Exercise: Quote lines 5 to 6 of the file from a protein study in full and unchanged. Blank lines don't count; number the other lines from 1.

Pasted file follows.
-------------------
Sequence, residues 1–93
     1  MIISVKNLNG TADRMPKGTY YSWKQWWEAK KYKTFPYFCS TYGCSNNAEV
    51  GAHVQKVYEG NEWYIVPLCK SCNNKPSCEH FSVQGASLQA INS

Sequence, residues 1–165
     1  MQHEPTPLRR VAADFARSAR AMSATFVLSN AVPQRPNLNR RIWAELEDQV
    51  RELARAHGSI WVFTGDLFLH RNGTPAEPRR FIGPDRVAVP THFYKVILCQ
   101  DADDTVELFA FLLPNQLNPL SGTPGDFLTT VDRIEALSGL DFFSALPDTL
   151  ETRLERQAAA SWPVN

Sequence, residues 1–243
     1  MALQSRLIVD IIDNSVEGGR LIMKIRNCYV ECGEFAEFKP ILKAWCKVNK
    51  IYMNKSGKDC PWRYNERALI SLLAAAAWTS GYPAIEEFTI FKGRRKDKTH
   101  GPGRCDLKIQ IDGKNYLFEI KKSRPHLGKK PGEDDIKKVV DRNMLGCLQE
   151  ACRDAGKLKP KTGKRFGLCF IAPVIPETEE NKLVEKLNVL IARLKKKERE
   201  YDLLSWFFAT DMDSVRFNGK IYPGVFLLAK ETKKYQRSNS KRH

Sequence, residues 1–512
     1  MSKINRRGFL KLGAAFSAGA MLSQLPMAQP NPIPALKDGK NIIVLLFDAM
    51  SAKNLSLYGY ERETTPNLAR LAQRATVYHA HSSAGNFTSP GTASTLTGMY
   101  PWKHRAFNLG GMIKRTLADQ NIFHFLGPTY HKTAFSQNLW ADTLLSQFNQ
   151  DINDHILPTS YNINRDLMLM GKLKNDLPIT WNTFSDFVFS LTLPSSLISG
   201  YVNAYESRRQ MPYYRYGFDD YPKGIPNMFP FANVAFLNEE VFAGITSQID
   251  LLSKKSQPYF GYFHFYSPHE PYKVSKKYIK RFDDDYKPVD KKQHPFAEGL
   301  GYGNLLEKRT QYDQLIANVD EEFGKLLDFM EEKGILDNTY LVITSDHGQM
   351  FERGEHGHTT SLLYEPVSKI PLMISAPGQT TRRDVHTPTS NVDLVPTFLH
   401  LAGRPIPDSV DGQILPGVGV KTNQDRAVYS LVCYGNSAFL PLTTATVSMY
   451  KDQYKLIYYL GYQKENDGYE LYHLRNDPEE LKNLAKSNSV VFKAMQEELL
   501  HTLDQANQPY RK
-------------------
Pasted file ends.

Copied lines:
     1  MQHEPTPLRR VAADFARSAR AMSATFVLSN AVPQRPNLNR RIWAELEDQV
    51  RELARAHGSI WVFTGDLFLH RNGTPAEPRR FIGPDRVAVP THFYKVILCQ